The government-influenced Chinese currency is declining and about to cross a somewhat sensitive milestone against the dollar.
Important reasons: Officially known as the yuan, but often referred to as the yuan or CNY, the devaluation of the currency is a symptom of the serious problems facing the world’s second largest economy.
Big picture: Chinese policy makers who influence the currency have in the past drawn a line in the sand at the 7 to dollar level and seemed reluctant to move beyond that price.
- The yuan has fallen by as much as 10% against the dollar over the past six months, hovering around 6.96 per dollar on Thursday (although it rose slightly to around 6.92 on Friday).
Usage: Unlike the US dollar, which fluctuates freely in the market without daily intervention from the government, China’s exchange rate is determined by a “managed fluctuation” system.
- Basically, the government sets the official price every day and the market price is allowed to fluctuate 2% above and below the government figure.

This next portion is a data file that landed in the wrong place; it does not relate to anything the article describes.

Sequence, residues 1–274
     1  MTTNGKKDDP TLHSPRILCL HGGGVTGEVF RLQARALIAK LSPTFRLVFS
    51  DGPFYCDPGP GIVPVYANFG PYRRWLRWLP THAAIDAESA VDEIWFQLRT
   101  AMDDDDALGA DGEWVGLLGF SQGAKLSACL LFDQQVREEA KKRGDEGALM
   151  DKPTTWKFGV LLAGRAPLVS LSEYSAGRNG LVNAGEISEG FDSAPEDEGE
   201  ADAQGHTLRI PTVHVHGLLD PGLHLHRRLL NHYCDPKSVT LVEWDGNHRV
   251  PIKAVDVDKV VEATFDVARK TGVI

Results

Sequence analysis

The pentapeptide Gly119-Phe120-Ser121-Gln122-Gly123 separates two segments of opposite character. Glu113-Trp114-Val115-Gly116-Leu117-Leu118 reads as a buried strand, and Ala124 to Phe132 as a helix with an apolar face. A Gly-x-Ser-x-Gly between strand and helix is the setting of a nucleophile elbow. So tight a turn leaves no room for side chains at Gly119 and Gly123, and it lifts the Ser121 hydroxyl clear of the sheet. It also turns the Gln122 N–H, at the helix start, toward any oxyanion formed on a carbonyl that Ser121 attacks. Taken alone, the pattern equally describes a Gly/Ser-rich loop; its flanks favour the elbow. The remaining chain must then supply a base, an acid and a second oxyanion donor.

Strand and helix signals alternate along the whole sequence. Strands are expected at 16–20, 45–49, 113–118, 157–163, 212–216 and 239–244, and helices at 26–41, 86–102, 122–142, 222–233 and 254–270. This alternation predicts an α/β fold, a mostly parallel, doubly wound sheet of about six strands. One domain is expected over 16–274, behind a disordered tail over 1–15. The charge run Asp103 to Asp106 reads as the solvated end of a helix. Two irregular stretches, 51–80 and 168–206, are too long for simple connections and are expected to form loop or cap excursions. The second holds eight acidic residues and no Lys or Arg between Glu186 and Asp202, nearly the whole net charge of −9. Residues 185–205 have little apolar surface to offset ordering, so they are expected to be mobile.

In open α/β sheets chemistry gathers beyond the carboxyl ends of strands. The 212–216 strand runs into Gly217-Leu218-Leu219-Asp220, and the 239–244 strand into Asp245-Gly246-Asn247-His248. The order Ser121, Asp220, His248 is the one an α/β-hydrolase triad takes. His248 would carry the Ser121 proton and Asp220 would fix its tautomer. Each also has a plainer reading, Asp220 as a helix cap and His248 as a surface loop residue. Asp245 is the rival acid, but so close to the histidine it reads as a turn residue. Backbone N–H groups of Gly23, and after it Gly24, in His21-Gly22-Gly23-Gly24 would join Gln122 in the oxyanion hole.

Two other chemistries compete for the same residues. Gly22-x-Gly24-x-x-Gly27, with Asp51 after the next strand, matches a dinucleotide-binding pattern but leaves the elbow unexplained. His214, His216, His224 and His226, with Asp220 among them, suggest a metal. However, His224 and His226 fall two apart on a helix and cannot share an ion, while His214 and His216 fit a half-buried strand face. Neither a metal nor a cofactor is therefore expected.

- If the government does not want the price to exceed a certain level, it will gradually move the official price away from that number. The last time the yuan crossed the $7 level was during the 2019 trade war.
- movement at the time This was seen as a signal from Beijing that it would take strong steps to counter the impact of the Trump administration’s tariffs.
What they say: Currency analysts expect the yuan to rise above 7 yuan to the dollar soon, which they say shows China’s policy makers are growing worried about a weak economy.
- “A break above $7 is currently the base case for the yuan given its sustained cyclical resilience,” analysts at JPMorgan wrote in a note on Thursday.
- Analysts at Bank of America wrote last week that the renminbi remains bearish and is forecast to end the year at 7.00 as China needs to ease financial conditions.
- translation: I believe China will further weaken the currency because the economy is really in turmoil.
State of play: The Chinese Communist Party’s state-led economic system faces an unprecedented struggle.
Line spacing: Since the United States is China’s largest export market, a weaker currency essentially allows China to strengthen its export power.
- Yes, but: Chinese officials would not want their currency to plummet. That could potentially unsettle investors and encourage efforts to take capital out of the country (something China’s capital controls try to prevent).
What we see: How will China’s leadership discuss the country’s economic challenges at next month’s party convention?